Building Python Lxml in a Virtualenv on Mac OS X 10.7
UPDATE: As of 19th April 2013, libxml has been updated to version 2.9.1. This fixes the issue that was in 2.9.0 which resulted in a failed build on Mac OS. The steps in the original post should no longer be needed and you should be able to install lxml or any python application that uses lxml simply by preceeding the command with
STATIC_DEPS=true (for instance
STATIC_DEPS=true pip install lxml). Setting this environment variable will ensure the latest lxml is downloaded (rather than linking dynamically to the one in your installation). This is in fact what lxml suggests. I’ve updated this post as it seems to get quite a lot of traffic from people with python lxml issues. If you’re still having issues, the original post continues below and goes into a lot more detail.
Today I attempted to install Scrapy for one of my personal project ideas. It took me hours to work out how to get a working installation. This post is for anyone who googles their error messages hoping for a solution. If you have done just that I have good news! The solution is at the bottom of the post.
So what happened? Although the installation went fine, I found myself getting this error when running Scrapy.
I get this same error if I run
from lxml import etree. It would seem lxml, a library Scrapy depends on, is unhappy with dynamic linking of another library. But which one?
I had a look with
otool -L [path to my site-packages]/lxml/etree.so (
otool -L is for mac what
ldd on any other *nix). In that list, I found something xml-related:
libxml2.2.dylib. Looking at the documentation for lxml, it states it requires libxml2 2.6.21 or later. Promising!
We now know we’re linking against an outdated installation of libxml2. Now we could update it (in fact, I believe upgrading to mountain lion will do just that). However, given libxml2 was shipped with the OS, we shouldn’t risk breaking any part of the OS that may rely on version 2.2 (and today is not the day to upgrade to mountain lion).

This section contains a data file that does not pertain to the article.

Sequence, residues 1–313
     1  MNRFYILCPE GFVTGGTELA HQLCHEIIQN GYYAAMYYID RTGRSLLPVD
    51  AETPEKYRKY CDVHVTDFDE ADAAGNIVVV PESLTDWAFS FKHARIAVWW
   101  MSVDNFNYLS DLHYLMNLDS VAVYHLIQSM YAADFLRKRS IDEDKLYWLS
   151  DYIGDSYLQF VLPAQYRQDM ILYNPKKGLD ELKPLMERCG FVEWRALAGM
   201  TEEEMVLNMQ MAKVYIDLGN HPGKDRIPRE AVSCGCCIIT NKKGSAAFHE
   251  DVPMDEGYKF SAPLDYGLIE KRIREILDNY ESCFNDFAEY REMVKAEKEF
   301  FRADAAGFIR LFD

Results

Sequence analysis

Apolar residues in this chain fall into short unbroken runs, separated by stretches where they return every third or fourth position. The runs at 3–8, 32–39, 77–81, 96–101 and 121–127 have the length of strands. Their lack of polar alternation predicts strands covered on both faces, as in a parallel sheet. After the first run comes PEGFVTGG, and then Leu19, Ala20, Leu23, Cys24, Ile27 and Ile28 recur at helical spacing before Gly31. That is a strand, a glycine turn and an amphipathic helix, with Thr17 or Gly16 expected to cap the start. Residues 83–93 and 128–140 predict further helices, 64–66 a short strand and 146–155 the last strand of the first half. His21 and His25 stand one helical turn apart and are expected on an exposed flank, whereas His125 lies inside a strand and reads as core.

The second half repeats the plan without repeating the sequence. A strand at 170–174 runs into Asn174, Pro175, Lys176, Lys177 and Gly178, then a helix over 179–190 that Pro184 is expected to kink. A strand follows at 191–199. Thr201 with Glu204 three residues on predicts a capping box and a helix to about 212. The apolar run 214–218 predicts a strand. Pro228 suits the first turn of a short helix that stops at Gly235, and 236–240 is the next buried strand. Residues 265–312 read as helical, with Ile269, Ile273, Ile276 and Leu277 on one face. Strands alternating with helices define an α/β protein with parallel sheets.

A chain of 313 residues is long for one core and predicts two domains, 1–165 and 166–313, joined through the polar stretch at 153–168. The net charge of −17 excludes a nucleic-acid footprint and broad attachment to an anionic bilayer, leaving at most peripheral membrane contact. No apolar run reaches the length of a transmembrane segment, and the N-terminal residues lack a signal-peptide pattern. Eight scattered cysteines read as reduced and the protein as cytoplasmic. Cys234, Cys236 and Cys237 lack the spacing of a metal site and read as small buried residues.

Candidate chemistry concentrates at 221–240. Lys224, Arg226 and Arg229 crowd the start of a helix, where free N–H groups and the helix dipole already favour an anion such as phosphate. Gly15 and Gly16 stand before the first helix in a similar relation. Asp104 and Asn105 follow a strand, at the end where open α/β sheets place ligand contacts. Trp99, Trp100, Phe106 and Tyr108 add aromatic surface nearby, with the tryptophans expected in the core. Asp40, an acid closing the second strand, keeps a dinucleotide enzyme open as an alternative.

The lxml installation guide for mac provides some insight and actually suggests setting the environment variable
STATIC_DEPS=true for our install. This will link against a static version of libxml2, so we don’t have to worry about the installed dynamic library. It’ll even go as far as download the newest version, header files and all. How nice!
Unfortunately, the latest version of libxml2 is version 2.9.0, and that happens to not work with lxml on Mac, as noted in the answer to this stack overflow question. Someone got their assignment and initialisation mixed up when using POSIX threads. Oh dear!
This is the error you might get at compile time:
1 2 3
The answer provided on stackoverflow suggests specifying a version of the build as an option in the
setup.py file. I had a go asking pip to pass that option as follows:
STATIC_DEPS=true pip install --install-option="--libxml2-version=2.7.8" lxml
Unfortunately, that does not work. For some unfathomable reason, it will still attempt to use the latest version of lbixml2 anyway, making the build fail.
However, if we do attempt a static build like that, what we can then do is browse to the failed build pip graciously kept for us in build/lxml, and run the
setup.py manually. Like so:
python setup.py build --static-deps --libxml2-version=2.7.8.
I chose to just build and not install with the
setup.py script, so that I could run pip install and give pip a chance to delete all the temporary files left over from the failed builds. As long as you’re in the virtualenv, the
setup.py script should install in your virtualenv prefix, if you’re rather do that.
In summary, if you are struggling to install lxml on your Mac with anything earlier than mountain lion, the easiest solution, I believe is to run the following
STATIC_DEPS=true pip install lxml; cd build/lxml && python setup.py build --static-deps --libxml2-version=2.7.8 && pip install lxml
This should also work outside of a virtualenv, if you wish to install it globally (adding sudo where appropriate).